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baseman1 08-16-2012 04:00 PM

Muskie on the Fly
 
Hi folks,
I am looking at starting to fish Muskie next summer on a fly rod and wonder what size equipment I should be rocking. I currently have a 9wt Orvis. I know I will need a pretty heavy duty leader due to the teeth but should a 9wt rod work

Guest1 08-16-2012 05:03 PM

Re: Muskie on the Fly
 
Quote:

Originally Posted by baseman1 (Post 477632)
Hi folks,
I am looking at starting to fish Muskie next summer on a fly rod and wonder what size equipment I should be rocking. I currently have a 9wt Orvis. I know I will need a pretty heavy duty leader due to the teeth but should a 9wt rod work

A 9wt. will do it but you would like a 10 better. As for the leader, starting at the fly line; Perfection loop and cut the line off at 39" from the loop. Blood knot the next smaller line you plan to use and cut it off 39" from the blood knot. Tie a Bimini twist, I generally use 20 lb line. Cut the loop in the Bimini, and furl the lines loosely ( 1 twist every 3/4" or so) and tie a grannie knot in the end so it stays furled. Take a piece of nylon coated steel leader and bend a piece back about 2" long or a bit longer. Albright knot the bimini with the furled double line to the steel so the bimini ends up 4 or 5 inches from the albright knot. When you tighten this up, hold the bimini with the single line and the same with the steel and pull with the tag end of the bimini in your teeth. Figure out how much steel you want accounting for what knot you are going to use to put the fly on with and then cut from that point the rig at 39". As for the knot I use to attach the fly/snap/or split ring (any will work) I use a twist melt. Just put the fly or whatever, where you want it and then just like the name, twisst the leader tightly and melt the nylon with a lighter. I have never had one of these come loose ever. I looks like the weak spot but it is not. Given the amount of line you loose in knots, at least the way I do them, this should come out to 9' give or take an inch. Some people like a shorter, like 7 or 8 foot leader, but I have never liked nor seen the need for them.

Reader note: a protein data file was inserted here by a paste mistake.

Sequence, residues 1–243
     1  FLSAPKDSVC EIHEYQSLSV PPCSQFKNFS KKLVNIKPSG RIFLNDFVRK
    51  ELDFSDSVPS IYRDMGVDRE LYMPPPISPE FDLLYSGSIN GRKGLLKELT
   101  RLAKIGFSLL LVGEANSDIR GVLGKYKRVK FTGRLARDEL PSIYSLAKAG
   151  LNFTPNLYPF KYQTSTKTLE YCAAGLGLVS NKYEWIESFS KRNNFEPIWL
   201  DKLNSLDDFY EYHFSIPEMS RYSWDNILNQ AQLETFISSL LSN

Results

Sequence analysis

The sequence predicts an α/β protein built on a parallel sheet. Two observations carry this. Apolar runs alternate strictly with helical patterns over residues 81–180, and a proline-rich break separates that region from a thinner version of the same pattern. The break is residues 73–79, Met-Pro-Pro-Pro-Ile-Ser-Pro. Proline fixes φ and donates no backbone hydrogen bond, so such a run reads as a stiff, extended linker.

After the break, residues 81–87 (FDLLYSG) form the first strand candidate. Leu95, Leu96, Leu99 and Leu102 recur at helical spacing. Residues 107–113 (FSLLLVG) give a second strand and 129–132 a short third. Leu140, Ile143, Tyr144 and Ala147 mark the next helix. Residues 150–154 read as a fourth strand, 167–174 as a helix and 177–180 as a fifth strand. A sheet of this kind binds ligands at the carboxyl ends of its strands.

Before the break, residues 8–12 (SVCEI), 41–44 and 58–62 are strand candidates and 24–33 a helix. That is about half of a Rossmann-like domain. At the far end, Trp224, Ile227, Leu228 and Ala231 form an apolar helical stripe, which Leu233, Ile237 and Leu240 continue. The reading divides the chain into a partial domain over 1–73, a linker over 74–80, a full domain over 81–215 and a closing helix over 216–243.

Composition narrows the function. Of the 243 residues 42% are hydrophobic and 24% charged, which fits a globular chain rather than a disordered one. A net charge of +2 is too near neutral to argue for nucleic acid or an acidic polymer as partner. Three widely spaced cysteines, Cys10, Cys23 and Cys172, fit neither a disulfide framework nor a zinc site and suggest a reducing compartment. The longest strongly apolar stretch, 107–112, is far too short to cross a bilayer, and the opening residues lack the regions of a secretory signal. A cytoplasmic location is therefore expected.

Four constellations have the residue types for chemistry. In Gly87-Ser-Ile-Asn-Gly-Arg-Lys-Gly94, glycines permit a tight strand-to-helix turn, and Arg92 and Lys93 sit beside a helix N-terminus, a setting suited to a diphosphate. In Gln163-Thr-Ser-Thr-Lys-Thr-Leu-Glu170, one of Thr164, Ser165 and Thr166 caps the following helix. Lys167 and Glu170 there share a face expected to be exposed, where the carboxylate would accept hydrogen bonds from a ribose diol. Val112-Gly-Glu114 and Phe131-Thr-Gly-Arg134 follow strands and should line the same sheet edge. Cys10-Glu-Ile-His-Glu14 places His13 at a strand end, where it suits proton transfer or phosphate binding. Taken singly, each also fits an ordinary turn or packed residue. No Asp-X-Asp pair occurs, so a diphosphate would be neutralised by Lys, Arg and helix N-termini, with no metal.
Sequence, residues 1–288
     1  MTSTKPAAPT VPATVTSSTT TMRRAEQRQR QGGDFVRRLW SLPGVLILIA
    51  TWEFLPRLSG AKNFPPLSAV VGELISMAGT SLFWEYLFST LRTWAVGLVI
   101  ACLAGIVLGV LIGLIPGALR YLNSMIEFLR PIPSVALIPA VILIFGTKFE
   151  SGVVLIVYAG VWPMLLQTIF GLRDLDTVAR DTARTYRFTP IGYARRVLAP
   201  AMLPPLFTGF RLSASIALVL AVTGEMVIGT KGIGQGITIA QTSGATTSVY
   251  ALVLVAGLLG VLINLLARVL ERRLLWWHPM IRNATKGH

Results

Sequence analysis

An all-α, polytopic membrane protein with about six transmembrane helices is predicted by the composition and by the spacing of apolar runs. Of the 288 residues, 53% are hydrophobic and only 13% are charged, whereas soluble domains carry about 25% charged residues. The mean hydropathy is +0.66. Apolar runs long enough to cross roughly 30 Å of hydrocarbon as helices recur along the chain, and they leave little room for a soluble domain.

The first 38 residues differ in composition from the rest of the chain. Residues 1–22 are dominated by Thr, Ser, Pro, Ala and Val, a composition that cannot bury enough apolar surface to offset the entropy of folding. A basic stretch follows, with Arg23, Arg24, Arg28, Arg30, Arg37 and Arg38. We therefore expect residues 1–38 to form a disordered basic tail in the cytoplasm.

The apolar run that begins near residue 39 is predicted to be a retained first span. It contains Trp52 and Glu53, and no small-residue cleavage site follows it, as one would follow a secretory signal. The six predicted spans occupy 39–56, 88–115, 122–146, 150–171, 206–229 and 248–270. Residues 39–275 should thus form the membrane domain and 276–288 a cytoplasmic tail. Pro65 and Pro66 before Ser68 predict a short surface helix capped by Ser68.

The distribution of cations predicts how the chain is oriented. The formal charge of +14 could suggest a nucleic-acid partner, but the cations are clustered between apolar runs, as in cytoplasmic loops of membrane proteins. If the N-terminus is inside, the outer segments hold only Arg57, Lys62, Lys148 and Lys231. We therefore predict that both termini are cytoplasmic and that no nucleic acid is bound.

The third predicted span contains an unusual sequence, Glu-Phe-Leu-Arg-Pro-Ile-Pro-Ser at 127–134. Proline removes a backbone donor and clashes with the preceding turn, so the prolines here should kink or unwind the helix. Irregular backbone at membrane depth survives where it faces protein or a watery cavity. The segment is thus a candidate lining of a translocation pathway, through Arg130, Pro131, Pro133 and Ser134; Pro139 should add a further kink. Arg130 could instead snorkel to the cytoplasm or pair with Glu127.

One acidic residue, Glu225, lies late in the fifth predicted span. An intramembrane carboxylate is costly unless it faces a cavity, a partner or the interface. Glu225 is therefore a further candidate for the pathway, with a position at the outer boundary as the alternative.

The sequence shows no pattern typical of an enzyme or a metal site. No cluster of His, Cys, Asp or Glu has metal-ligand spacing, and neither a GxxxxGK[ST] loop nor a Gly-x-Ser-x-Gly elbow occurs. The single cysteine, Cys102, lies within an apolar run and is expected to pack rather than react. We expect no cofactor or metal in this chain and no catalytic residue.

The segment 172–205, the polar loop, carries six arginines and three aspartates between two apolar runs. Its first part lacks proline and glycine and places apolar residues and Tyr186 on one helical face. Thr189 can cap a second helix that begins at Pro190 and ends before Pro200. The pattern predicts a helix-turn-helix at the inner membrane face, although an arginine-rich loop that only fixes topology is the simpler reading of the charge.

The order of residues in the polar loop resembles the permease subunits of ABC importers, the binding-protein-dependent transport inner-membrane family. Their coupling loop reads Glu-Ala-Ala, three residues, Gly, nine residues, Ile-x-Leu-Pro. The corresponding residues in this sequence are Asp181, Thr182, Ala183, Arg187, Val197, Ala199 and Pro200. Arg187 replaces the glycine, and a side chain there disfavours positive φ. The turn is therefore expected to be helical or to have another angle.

Let me know if you have any questions.

partfish 09-03-2012 03:24 PM

Re: Muskie on the Fly
 
Musky, I use 9 or 10 weight rod is fine. On leaders, some build there leaders
with butt section 52 lb, down to a 39lb, down to 17lb, you want some thing that gives so you don't break you fly line. Add a wire leader if you choose I don't use one most of the time because I am fishing for stripers when I catch my musky. Interesting thing is I caught 39 musky this year only one bite me off! I suggested if you looking for that 50 plus incher use a wire leader then. Also tie your own flies musky fly prices are worse then lures upwards of $15 -20 dollars for $3.98 worth of materials hooks being the expensive part. Good luck Wess

rem308 09-03-2012 07:02 PM

Re: Muskie on the Fly
 
Yes, you can do it on the 9wt. My first 2 were on an 8wt. Remember to set the hook really well with these fish, I strip the excess line hard while pulling the rod back (not swinging the rod to the side like I do w/ a spin rod). Muskie have that armored, bony face that doesn't always allow for a good hook set. Surprisingly, every muskie I have ever caught has been hooked right in the side of the mouth like you want. Best of luck.

baseman1 11-27-2012 11:10 AM

Re: Muskie on the Fly
 
Thanks everyone. The local fly shop has been trying to sell me on a 12w for these guys saying my clearwater reel isn't big enough.

ted4887 11-27-2012 12:12 PM

Re: Muskie on the Fly
 
Quote:

Originally Posted by baseman1 (Post 501844)